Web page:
Home » News » Federal judge temporarily blocks Tennessee’s anti-drag law

By The Associated Press on April 3, 2023

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Advocates who opposed a bill restricting drag shows in Tennessee rallied outside of the Tennessee Capitol in Nashville on Feb. 14, 2023. The bill passed and became law, but a federal district judge blocked it from going into effect, ruling the law could unconstitutionally infringe on First Amendment rights of freedom of expression. AP Photo/Jonathan Mattise

A federal judge on Friday temporarily blocked Tennessee’s first-in-the-nation law placing strict limits on drag shows just hours before it was set to go into effect, siding with a group that filed a lawsuit claiming the statute violates the First Amendment.

 

The decision comes after Memphis-based Friends of George’s, an LGBTQ+ theater company, filed the federal lawsuit Monday against Shelby County District Attorney Steve Mulroy and the state, saying the state intended with the law to “explicitly restrict or chill speech and expression protected by the First Amendment based on its content, its message, and its messenger.”

 

U.S. District Judge Thomas Parker issued the temporary injunction after hearing arguments on both sides Thursday.

 

“If Tennessee wishes to exercise its police power in restricting speech it considers obscene, it must do so within the constraints and framework of the United States Constitution. The Court finds that, as it stands, the record here suggests that when the legislature passed this Statute, it missed the mark,” Parker wrote.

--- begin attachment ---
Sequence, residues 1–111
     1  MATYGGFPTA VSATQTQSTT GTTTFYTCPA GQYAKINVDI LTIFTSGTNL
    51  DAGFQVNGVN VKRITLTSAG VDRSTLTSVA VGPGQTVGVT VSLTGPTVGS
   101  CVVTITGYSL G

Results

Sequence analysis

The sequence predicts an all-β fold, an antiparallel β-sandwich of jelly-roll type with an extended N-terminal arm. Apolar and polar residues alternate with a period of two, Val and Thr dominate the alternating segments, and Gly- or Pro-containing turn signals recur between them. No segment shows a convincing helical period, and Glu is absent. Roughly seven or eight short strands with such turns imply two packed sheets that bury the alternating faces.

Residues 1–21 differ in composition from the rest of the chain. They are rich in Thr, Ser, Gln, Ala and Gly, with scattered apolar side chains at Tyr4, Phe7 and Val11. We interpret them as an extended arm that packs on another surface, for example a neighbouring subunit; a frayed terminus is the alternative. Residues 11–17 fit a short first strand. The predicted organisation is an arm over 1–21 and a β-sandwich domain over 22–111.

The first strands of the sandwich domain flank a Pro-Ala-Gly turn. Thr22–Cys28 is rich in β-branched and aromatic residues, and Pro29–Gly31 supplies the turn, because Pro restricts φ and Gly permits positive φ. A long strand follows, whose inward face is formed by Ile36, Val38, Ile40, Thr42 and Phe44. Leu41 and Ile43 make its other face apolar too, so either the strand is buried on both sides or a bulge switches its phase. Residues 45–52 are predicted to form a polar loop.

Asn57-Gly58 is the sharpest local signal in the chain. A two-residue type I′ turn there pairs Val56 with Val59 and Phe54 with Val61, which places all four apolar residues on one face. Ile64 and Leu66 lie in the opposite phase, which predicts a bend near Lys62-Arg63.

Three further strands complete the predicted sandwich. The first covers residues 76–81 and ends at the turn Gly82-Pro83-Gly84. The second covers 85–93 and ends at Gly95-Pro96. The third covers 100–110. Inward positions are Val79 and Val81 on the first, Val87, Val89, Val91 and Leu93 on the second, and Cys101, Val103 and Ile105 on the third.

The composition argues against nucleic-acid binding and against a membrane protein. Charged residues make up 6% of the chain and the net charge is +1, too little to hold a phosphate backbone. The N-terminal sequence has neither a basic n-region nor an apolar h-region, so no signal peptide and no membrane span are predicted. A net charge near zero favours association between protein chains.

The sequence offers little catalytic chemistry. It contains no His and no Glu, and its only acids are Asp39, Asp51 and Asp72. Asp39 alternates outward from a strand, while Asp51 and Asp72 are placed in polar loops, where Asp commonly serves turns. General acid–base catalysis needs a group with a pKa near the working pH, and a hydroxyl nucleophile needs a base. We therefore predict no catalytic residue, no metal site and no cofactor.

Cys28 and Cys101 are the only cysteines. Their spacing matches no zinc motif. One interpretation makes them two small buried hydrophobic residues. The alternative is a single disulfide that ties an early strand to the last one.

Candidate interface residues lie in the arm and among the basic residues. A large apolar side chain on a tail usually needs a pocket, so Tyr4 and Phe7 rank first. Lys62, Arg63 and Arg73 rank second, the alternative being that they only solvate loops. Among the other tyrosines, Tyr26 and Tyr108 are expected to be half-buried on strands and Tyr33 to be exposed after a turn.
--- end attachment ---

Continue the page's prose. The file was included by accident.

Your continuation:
Federal judge says drag show law likely too vague, broad

 

Parker wrote that the state has failed to make a compelling argument as to why Tennessee needed the new law, adding that the court also agrees the statute is likely vague and overly broad.

 

The word “drag” doesn’t appear in the new law, which instead changed the definition of adult cabaret in Tennessee to mean “adult-oriented performances that are harmful to minors.” Furthermore, “male or female impersonators” are now classified as a form of adult cabaret, akin to strippers and topless, go-go and exotic dancers.

 

The law banned adult cabaret performances from public property or anywhere minors might be present. Performers who break the law risk being charged with a misdemeanor or a felony for a repeat offense.

 

“The law prohibits a drag performer wearing a crop top and mini skirt from dancing where minors might see it, but does not prohibit a Tennessee Titans cheerleader wearing an identical outfit from performing the exact same dance in front of children,” the initial complaint contends.

 

The judge said that a regulation that prohibits obscenity performed by some entertainers like topless dancers, strippers, male or female impersonators but not others could be a content-based regulation that warrants strict scrutiny. Strict scrutiny is the highest level of judicial review in evaluating whether it violates First Amendment rights

 

Would law ban drag performance in private residence? judge asks